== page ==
Republicans, the women in long fur coats, circled the lobby of the L'Enfant Plaza Hotel yesterday, waiting to go off to parties. There was excited chatter, an air of euphoria.A big sign in the hotel said, "America, a Great New Beginning."

Off the back of the hotel in the shadows of the long inaugural weekend, the nation's big-city mayors were winding up a three-day meeting in a mood of gloom and fear that the new national administration will cut deep into their social programs.

For the most part they tried to put on a brave face, but shouts and some screaming came from one of the U.S. Conference of Mayor's old tigers, Henry Maier, the 20-year mayor of Milwaukee.

"I say to you that if you say [cities] can live without federal help, God bless you," the fullthroated Maier said, pounding the table. "Some of us are on the brink of catastrophe. mYou don't believe me, go look at those bond ratings. . . . We have city after city on the verge of collapse.

"Now we're being told as we are about to be booted down the hill further that we ought to allow them to boot us -- take it in good grace -- and I have only one thing to say to you. To hell with that!"

Though Maier was outspoken, pained litanies came quietly from other Frost Belt mayors, particularly Coleman Young of Detroit and Doug DeGood of Toledo, whose cities are suffering from the effects of sharp slides in the auto and steel industries.

Uncertainty was all around the mayor's conference: uncertainty about what programs President Reagan would cut; uncertainty about who would fill the important sub-Cabinet jobs; uncertainty about what kind of relationships the mayors, the great number of them liberal Democrats, would be able to forge with the conservative Republicans newly in charge.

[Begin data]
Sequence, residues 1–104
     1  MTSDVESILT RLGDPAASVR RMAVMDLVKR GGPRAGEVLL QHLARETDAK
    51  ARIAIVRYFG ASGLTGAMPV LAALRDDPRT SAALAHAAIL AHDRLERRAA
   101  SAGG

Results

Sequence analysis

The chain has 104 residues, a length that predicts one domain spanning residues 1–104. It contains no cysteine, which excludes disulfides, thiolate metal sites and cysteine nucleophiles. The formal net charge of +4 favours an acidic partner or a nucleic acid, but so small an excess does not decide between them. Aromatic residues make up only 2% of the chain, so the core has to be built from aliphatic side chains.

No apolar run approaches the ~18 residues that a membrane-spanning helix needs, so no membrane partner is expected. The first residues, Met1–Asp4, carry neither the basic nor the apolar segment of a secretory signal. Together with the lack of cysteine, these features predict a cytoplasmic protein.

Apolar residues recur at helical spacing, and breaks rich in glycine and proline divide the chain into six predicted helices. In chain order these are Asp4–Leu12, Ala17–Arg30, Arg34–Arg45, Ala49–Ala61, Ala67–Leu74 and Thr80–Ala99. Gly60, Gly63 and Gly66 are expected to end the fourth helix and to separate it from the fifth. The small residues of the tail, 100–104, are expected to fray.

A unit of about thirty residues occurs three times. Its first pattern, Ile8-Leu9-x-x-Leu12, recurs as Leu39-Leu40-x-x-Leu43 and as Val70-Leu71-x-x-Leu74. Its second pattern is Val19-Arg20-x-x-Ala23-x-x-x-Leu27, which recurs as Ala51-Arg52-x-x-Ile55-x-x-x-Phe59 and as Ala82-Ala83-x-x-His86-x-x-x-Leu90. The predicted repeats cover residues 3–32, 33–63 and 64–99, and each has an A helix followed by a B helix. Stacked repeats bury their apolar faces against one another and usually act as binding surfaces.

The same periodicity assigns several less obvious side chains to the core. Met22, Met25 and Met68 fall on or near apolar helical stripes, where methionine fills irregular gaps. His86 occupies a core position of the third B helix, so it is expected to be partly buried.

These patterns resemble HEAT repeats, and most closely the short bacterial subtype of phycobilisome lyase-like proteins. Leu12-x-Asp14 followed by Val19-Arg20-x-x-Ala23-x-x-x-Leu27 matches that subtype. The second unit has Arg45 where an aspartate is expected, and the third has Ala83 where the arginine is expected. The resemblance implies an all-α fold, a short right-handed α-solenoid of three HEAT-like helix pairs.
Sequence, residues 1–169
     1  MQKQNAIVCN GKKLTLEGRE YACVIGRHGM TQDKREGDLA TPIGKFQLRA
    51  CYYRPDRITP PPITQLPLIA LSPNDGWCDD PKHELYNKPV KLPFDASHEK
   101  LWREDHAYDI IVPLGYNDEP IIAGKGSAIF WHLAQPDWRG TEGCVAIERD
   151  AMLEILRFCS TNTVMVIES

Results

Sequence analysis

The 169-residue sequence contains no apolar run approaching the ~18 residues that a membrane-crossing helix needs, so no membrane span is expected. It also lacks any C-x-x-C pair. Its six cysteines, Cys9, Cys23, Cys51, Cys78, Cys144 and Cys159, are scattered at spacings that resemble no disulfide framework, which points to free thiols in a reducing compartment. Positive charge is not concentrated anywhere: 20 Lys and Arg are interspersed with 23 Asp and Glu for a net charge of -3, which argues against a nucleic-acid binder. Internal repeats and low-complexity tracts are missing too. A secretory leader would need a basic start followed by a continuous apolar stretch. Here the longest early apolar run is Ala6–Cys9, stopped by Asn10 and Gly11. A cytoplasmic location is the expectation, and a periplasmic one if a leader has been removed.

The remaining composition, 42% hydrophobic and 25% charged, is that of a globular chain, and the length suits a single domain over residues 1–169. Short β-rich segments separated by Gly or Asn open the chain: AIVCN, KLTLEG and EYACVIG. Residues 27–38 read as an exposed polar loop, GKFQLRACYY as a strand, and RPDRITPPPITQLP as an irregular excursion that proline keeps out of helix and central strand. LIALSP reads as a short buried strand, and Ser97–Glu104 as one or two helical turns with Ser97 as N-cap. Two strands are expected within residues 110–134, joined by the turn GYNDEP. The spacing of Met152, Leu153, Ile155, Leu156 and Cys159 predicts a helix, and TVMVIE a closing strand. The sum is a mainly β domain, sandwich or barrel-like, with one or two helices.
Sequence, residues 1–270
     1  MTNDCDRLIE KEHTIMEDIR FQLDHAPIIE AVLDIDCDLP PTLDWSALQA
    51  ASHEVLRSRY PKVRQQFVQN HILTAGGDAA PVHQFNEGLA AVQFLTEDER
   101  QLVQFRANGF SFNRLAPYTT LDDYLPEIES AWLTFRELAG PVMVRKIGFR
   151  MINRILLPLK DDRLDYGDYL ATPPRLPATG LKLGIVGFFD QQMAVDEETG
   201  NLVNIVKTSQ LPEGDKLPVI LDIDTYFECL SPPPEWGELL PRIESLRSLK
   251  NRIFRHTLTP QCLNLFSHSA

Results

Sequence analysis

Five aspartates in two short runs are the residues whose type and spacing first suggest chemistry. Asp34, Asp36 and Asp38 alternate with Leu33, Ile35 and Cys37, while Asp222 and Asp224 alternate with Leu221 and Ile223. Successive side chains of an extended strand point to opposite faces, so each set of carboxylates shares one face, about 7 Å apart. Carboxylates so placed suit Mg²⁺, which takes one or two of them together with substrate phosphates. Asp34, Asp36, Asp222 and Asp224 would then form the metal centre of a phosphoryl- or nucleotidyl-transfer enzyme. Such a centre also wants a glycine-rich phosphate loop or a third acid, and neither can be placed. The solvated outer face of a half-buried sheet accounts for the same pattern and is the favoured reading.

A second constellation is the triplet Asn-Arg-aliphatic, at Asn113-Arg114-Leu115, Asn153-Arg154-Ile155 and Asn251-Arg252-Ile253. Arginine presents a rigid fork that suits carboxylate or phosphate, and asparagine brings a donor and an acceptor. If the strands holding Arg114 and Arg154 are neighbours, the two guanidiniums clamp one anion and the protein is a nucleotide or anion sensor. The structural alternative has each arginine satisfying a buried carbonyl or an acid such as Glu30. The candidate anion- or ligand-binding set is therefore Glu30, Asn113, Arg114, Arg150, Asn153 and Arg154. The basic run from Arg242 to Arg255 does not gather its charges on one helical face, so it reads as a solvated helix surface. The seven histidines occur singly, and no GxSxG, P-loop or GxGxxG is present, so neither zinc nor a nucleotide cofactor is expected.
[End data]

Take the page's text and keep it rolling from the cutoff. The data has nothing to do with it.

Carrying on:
Three designated Cabinet secretaries -- Drew Lewis of Transportation, James Edwards of Energy and Samuel Pierce of Housing and Urban Development -- spoke to them, imparting about as much information about strategy as the Oakland Raiders are willing to give the Philadelphia Eagles as they head into the Super Bowl.

When San Fransisco Mayor Dianne Feinstein asked Pierce if the mayors would have access to him, the HUD secretary-designate said stiffly: "No questions."

Was that shyness or arrogance, the mayors later debated among themselves.

The new Republican leaders on Capitol Hill who spoke to them were more forthcoming.

Sen. David Durenberger (R-Minn.), chairman of the subcommittee on intergovernmental relations, declared this a time for change.

"We have reached the limit [on income security programs]," he declared. "More than that, it is generally agreed that we have gone somewhat beyond the limit and retrenchment is necessary. In our weakened [economic] condition, we cannot afford to meet the weakest claims on the public treasury."

And he mentioned a few other harsh, though hardly new, facts of life: Whereas Democratic presidents tend to enjoy strong ties with mayors, Republicans tend to favor governors, he said. That brought on nervous questions.

The conference ended with the mayors distributing a "National Urban Investment Program" whose wish list of new programs would cost a billion dollars, according to conference President Richard G. Hatcher of Gary, Ind.

Yet, Hatcher said, he and the other mayors wanted, like the new administration, to save money, increase effectiveness and reduce waste and abuse.

How, he was asked. Which of the array of federal programs are essential, which can be cut without great harm?

Hatcher and Mayor Lee Alexander of Syracuse, N.Y., ducked the question.

Feinstein of San Fransisco said: "I think it's unfair to put the mayors in this position until we see the priorities in the president's budget next month. My own view is that we've got to take a look at Social Security and the increases."

The question triggered another shouting sermon from Maier of Milwaukee.

"I think the most ignorant damn people in America are the media because you're all middle-class," he declared. "Most of you come from middle-class homes, and you really don't get the smell of these central cities and the problems of these central cities. If you did, your number one priority, like ours, would be to make damn sure our funding isn't cut back, because if it is cut back, the domestic tranquility -- I promise you -- is going to be very seriously disturbed."